It has been incredibly liberating to explore many new kinds of relationships that make me feel loved and loving. Deep platonic friendships (what an amazing source of love!), open relationships, casual sex friendships… I’ve discovered that any relationship that makes you feel more alive is a loving and vital one. Some deep loves have lasted years in my life and some have lasted for under a month. For me, they have all helped me find my own sense of love and my own commitment to love as a path.
My wish is that I can continue to explore the evolution of my romantic life and its needs with the same fluidity with which I explore my asana.
Recently, I had “the talk” (or some variation of it) with a man I’ve been seeing. He’s truly incredible and has been a great match for me in this part of my life. When discussing whether or not he was my “boyfriend,” I felt absolutely no desire to say that he was. Not because I don’t plan to keep seeing him, not because I don’t value him as an amazing human. Simply because for me, at this moment, defining the relationship felt like a limitation of a limitless experience. I imagined becoming a “girlfriend” again; spending my day worrying about whether or not I was making someone else happy. Comparing calendars before I could make plans for my weekend. It just felt wrong. As I continue seeing him, who knows what will happen. Perhaps in time I’ll change my mind, perhaps in time it will all crumble down and I’ll walk away and he’ll walk away and I’ll ask myself the old familiar “what was I thinking?”
One thing that I do know is this: No matter where my life or any singular relationship takes me, there will be love. There will be love in copious and amazing amounts, in many different forms and from different sources. My wish is that I can continue to explore the evolution of my romantic life and its needs with the same fluidity with which I explore my asana.
I am not sharing my own story as a way to devalue classically defined partnerships. If you are happy in a marriage, I am so, so happy for you. I am speaking to anyone who, like me, has found themselves deeply unhappy for no apparent reason while lying in bed with their partner. To anyone who has sacrificed so many tiny pieces of who they are in order to fit into the idyllic archetype of a good husband or wife.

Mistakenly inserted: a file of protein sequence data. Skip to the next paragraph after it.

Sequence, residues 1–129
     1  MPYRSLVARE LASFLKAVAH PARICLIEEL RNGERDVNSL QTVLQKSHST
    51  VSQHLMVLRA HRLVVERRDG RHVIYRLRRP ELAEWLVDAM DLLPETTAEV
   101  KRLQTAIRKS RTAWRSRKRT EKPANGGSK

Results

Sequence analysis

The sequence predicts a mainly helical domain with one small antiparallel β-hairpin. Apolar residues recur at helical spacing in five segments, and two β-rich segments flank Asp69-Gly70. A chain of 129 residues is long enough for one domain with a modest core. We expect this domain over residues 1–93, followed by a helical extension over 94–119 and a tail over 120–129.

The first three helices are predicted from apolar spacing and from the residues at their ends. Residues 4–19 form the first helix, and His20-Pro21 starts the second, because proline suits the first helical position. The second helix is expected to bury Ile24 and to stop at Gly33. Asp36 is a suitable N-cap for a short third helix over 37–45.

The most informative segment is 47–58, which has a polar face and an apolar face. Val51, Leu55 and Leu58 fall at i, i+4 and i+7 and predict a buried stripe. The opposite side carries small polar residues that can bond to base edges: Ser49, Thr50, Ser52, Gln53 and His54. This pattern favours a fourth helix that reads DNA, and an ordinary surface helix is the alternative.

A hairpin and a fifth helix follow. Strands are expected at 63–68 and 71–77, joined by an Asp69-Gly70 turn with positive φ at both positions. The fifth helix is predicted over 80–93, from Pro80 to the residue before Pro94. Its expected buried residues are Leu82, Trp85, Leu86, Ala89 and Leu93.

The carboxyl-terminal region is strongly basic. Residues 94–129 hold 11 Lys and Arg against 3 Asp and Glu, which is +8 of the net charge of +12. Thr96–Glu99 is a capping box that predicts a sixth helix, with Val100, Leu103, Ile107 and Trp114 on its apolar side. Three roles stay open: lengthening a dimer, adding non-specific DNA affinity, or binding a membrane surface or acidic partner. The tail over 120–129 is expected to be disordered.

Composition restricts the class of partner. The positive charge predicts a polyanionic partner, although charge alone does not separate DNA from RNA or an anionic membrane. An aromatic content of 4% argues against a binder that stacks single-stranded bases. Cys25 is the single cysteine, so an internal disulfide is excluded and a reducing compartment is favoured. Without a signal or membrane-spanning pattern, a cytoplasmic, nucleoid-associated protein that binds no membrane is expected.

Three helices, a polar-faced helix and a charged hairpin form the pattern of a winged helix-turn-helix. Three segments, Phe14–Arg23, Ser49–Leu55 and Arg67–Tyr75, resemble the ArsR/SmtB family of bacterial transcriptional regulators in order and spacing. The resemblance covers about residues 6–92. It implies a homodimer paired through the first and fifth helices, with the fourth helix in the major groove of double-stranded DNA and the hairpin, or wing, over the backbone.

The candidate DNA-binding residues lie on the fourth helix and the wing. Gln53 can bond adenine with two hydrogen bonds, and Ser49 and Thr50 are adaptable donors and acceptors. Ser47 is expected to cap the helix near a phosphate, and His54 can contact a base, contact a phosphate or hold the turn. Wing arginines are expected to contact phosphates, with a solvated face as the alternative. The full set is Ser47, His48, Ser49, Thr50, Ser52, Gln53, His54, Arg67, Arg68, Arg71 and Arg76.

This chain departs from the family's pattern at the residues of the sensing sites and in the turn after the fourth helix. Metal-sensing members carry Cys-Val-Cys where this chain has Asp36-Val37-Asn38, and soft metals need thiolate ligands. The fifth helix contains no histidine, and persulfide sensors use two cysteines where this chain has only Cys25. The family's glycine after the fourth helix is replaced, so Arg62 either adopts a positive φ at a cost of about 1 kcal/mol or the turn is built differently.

What if there was another way? What if you could walk away from the image of love someone else gave to you when you were small and discover the unimaginable joy of your own love practice? Are you ready to examine your relationship to relationships?
My wish for all of us is this: Let’s all take responsibility for our own sense of love. Whether it comes to us in a conventional or an unconventional form, let us trust that what feels like love is love. Let us trust that whatever makes us feel small, unworthy, or unhappy is simply not love. Let’s celebrate any and every experience of deep, heart-bursting love that comes to us. May we give ourselves permission to choose a love that supports the evolution of our souls and desires. May we all grow wiser and happier through the fluid exploration of relationship, and may we let go of any archetype that limits us and our growth. May we all be rich in love in whatever form it finds us.— Elizabeth Crisci is a yoga teacher and artist in Fairfield County, Connecticut. She is the creator of Love by E, handmade gemstone mala and jewelry. She teaches in workshops, special events, and trainings in the Northeast in addition to a range of regular, weekly classes. She teaches smart and accessible yoga designed to make you feel good. She loves every minute of her work. You can find her writing and her teaching schedule on her website.